Saturday, November 14, 2009

One Healthcare Reform

Proponents of the current healthcare reform proposal in congress like to accuse critics of not offering any alternatives, of only opposing without offering anything. While that accusation is completely not true, it serve proponents of the fascist system well as a big lie, just as calling it socialist instead of fascist serves as another convenient lie.

Rather than dissect any particular part of the fascist bill, a refutation of the false charge that critics offer nothing is also useful. The reason the proponents say that critics offer nothing is because only big government solutions are allowed to be considered. Anything else is not a "constructive proposal" and thus they can get away with that big lie.

In spite of the psychological block against small government proposals being considered, it is always useful to suggest as many small government solutions as possible. That way the next time someone says that critics of fascist health care never offer solutions the critics can respond with "look at all the solutions I've offered that you refuse to consider."

Given the large number of problems, any single solution fails to address the full problem and appears short sighted. But one aspect is all that can be addressed at once.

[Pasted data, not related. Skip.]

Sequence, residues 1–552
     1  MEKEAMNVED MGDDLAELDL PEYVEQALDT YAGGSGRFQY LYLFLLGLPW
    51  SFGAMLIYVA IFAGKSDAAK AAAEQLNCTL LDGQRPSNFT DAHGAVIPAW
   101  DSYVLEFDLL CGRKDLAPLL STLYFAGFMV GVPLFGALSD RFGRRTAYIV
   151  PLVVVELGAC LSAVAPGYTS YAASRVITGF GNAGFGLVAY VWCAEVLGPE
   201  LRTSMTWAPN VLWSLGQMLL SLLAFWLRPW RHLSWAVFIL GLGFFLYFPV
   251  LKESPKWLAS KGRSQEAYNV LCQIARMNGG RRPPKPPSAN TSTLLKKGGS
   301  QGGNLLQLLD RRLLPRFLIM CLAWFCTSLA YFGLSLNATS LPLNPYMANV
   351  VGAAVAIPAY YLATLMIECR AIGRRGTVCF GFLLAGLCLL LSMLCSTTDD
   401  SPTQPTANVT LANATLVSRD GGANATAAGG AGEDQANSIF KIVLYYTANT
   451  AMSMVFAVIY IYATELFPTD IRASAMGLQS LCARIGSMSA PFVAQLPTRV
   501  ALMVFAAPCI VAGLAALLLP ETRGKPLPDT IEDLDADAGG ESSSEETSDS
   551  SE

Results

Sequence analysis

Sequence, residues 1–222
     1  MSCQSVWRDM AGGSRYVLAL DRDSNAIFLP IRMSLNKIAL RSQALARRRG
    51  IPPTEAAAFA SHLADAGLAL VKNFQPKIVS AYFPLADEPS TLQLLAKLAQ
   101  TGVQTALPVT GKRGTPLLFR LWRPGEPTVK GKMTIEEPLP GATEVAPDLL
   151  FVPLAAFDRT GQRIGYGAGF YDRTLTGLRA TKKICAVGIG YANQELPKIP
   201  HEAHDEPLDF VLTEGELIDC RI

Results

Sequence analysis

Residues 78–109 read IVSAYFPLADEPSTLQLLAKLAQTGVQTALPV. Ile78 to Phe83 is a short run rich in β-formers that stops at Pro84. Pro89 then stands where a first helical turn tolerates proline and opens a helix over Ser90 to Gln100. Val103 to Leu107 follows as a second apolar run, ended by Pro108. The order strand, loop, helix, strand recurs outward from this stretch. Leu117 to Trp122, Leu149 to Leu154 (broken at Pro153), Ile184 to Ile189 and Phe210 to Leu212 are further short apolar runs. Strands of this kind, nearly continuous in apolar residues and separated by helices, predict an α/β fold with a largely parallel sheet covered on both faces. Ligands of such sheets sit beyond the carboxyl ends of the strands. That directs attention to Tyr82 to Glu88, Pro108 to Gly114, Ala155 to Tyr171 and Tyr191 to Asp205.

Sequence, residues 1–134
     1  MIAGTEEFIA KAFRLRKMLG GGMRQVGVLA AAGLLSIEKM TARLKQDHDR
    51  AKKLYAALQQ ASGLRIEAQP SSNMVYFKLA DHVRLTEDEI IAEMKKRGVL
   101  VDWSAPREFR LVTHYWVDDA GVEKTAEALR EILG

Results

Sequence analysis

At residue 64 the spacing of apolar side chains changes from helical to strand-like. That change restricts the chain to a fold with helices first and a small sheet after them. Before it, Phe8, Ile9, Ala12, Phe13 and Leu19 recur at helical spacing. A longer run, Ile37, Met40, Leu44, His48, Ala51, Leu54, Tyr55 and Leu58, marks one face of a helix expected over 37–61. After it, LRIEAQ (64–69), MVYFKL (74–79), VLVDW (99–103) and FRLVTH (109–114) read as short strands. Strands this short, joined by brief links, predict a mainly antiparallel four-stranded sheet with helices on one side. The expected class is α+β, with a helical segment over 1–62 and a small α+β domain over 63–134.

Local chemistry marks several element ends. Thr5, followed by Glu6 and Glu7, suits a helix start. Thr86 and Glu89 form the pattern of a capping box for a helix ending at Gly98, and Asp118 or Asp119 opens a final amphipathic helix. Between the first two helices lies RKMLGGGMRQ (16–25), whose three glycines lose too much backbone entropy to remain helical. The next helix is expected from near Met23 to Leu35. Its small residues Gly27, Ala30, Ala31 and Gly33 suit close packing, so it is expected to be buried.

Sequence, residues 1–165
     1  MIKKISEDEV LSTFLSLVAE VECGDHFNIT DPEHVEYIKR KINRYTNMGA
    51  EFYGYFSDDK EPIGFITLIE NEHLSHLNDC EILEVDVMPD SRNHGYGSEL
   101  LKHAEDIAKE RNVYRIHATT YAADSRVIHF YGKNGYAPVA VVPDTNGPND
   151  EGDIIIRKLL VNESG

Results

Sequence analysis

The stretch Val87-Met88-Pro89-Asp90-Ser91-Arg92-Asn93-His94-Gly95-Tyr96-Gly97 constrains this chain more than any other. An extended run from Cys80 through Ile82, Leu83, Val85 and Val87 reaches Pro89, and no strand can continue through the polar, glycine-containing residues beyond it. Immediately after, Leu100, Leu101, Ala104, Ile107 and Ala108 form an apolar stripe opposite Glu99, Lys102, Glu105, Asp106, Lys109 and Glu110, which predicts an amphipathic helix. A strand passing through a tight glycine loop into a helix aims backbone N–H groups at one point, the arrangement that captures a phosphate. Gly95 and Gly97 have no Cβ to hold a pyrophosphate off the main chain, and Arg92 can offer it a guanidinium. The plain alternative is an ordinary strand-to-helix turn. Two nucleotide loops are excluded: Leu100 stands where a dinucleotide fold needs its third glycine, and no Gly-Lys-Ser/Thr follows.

One of the problems with the current system is that the patient is not the customer. When a doctor treats a patient, the patient isn't the customer. The insurance pays for the visit, and so the insurance is the customer. And who is the insurance company's customer? Since most people get their insurance through their employer, the employer is the customer and not the employee. It is true that sufficient employee complaints can cause an employer to switch companies, but the customer of the insurance company is the employer.

For a truly responsive insurance company, the patient needs to be the customer of the insurance company. For truly responsive health care, the patient needs to be the customer of the doctor. The only remaining question of this particular solution is how to make it possible. As proponents of fascist health care are quick to point out, the average person cannot afford a catastrophic illness.

The first part of the solution is to transfer the tax incentive for the purchase of health insurance from the employer to the employee. That way, unlike the Obama plan, people have a positive encouragement to purchase insurance instead of a punishment for failure to purchase insurance. Persuasion always being preferable to force, encouraging people to purchase insurance instead of punishing them for failure to purchase insurance is a better solution.

To make insurance affordable enough for a person to purchase it, the price needs to be brought down. That can be done through coercion or through encouragement. To do it through encouragement the best way to do it is through removing the rules that prohibit insurance companies from competing across state lines. Putting individual insurance policies in the hand of the customers while simultaneously increasing the number of companies and policies available, while giving people a tax break for purchasing insurance, will drive down the cost to the point where most people can afford it.